“We knew something was going on,” Keane said. “We got everybody out. We went back up to check the roof one more time. There were about six of us [here] when [the South Tower] fell. I thought this place was going to come down.
“We stayed here for a while,” he added, “just to put out a bunch of papers that were on fire.”
Keane finally left before the second tower fell. “Then up at the corner here, the cop gets me and says, ‘Oh, good. Help me look for survivors,’” Keane recounted. “And I’m thinking, ‘Huh?’ I’m a little shook up.” They searched for a half-hour. “It was pitch black. We had a flashlight, and we were looking for people. And then the next [tower] came down, and we took off.”
Asked if everyone in the bar that morning survived, he said, “Yeah. Everybody that was here.” Some of his other friends died that day.
As Keane retold the scenario, he paused a few times. He pulled out a scrapbook kept behind the bar.
The book’s cover bears a collage of patches from the NYPD, FDNY and the Port Authority of New York and New Jersey, labeled “Fallen Heroes.” Similar patches, donated by fire and police departments from around the country, border the walls throughout the restaurant. One scrapbook page contains a photo of the bar immediately after the attack. The “O’Hara’s” sign hangs loose. A chunk of metal sits embedded into the pavement of the street. That road is otherwise vacant. Another picture shows Keane wearing a hard hat and a grim expression, standing in front of a pile of twisted metal, broken glass and shattered boards. Other pages contain photographs of gatherings on the subsequent anniversaries of 9/11. Those milestone days leave Keane uneasy.
“Every year around 9/11, you get this same sick feeling in your stomach,” he said. “It’s just …”
‘He’s not coming back’
Jerry Gogliormella trekked past that World Trade Center destruction daily after 9/11 on his way to work at the nearby World Financial Center. Those recovery crews found his younger brother’s remains six months later, in February 2002.
Michael Gogliormella, a 43-year-old from New Jersey was working as a computer analyst on the 103rd floor of the North Tower. He’d just landed the job in the corporate headquarters of Cantor Fitzgerald — a global financial services firm — three weeks earlier. Two months earlier, Michael and his wife had adopted a baby girl.
“He had left home [for work] that morning with a friend of his,” Jerry explained. “The friend stopped in Hoboken to pick up a newspaper. My brother kept going. And his friend made it home, and [Michael] never came back.”
The hijacker piloting Flight 11 drove the plane directly into the North Tower, hitting between the 93rd and 99th floors. No one trapped above the impact zone survived. Six-hundred and 53 Cantor Fitzgerald staff members died, nearly twice that of any other employer.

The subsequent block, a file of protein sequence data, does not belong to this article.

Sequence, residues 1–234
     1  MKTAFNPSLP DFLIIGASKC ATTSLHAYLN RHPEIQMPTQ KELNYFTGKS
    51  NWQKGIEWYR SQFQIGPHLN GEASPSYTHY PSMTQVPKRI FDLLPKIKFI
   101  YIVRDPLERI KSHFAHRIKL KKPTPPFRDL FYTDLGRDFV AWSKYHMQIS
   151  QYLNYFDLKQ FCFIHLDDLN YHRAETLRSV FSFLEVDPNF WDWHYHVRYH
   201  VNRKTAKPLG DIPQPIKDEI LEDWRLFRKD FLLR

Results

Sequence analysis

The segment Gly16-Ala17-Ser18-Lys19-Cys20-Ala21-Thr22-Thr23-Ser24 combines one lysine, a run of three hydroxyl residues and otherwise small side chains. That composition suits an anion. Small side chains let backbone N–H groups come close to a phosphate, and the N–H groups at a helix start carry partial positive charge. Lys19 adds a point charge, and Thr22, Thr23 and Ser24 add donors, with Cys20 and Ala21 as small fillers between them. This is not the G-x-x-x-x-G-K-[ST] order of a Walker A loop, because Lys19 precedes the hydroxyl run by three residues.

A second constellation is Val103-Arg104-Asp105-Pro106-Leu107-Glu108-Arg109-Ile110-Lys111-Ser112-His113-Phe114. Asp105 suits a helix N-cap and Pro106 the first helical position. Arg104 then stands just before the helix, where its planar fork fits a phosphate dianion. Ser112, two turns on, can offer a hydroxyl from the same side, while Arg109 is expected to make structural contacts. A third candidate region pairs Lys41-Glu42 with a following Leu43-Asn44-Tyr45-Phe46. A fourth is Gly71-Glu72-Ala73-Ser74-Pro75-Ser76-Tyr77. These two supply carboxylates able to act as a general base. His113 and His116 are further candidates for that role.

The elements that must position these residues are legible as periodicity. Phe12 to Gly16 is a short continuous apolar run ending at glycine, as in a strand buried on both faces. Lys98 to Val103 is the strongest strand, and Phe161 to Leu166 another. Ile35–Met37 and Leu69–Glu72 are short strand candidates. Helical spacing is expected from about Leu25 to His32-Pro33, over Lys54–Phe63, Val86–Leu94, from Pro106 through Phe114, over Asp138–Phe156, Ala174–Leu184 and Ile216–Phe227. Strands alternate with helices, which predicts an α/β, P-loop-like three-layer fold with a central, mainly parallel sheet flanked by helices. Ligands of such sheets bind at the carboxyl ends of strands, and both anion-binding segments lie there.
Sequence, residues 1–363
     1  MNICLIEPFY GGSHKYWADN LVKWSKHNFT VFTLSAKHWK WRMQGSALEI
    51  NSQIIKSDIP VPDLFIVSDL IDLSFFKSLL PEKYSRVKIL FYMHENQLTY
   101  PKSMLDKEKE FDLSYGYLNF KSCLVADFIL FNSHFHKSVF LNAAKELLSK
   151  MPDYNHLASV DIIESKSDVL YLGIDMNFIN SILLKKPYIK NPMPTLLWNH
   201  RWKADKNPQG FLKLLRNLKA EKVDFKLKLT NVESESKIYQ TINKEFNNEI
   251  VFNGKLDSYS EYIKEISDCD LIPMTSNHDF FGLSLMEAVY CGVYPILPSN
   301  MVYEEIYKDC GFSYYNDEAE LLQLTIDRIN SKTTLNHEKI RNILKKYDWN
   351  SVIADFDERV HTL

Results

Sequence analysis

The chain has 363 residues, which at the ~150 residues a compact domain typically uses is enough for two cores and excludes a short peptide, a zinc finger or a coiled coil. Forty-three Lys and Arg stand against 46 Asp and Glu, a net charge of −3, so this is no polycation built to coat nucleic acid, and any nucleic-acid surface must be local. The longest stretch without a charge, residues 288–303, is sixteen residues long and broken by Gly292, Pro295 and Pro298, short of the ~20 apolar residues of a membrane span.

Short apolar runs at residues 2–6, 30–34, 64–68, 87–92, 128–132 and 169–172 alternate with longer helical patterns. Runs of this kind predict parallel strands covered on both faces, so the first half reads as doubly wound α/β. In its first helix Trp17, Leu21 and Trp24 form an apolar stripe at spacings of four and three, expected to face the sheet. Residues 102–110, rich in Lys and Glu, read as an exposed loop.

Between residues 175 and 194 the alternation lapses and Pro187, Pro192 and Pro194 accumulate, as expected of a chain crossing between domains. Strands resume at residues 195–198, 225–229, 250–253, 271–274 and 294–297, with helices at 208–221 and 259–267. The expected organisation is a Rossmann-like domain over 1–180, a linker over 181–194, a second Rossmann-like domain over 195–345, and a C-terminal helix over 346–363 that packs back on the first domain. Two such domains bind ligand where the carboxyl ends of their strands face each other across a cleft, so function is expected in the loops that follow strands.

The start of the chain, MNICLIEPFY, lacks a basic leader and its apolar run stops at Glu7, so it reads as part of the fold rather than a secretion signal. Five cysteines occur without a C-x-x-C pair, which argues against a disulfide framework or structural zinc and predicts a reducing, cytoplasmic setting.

Jerry was working on the engineering staff at 2 World Financial Center, just blocks away. That 44-story building lost its southeast corner from damage caused by the thunderous collapses of the Twin Towers down the street and was ordered to be evacuated. Jerry and his engineering co-workers were the last ones out, walking into the opaque air, “that big mushroom cloud that you see on TV,” he recalled. “You couldn’t see anything.” But one thing soon became clear.
“In all honesty, the day it happened, I had a feeling my brother wasn’t coming back, because I called his house and nobody had heard from him,” he said. “And a day or two later, you just realize he’s not coming back anymore.”
On Sept. 13, Jerry returned to his job. “Working here kind of helped me, because you’re involved with it every day,” he said in a deep Jersey voice, sitting in the shade on the plaza outside his workplace. “So it kind of eases the pain a little bit.”
He still works at the World Financial Center, after 15 years. He still proudly wears a silver bracelet honoring his brother and, without hesitation, pulls it off to show a stranger its inscription: “IN LOVING MEMORY MICHAEL GOGLIORMELLA SEP 11TH, 2001 WTC.” And Jerry still remembers their last conversation, on the phone, a week before the attacks. “Just, ‘How you doin’? How you been?’ He had just adopted the baby girl, and we hadn’t had the chance to meet her yet,” Jerry said, glancing into the distance. “Probably the happiest time of his life.”
Mark Bennett can be reached at (812) 231-4377 or firstname.lastname@example.org.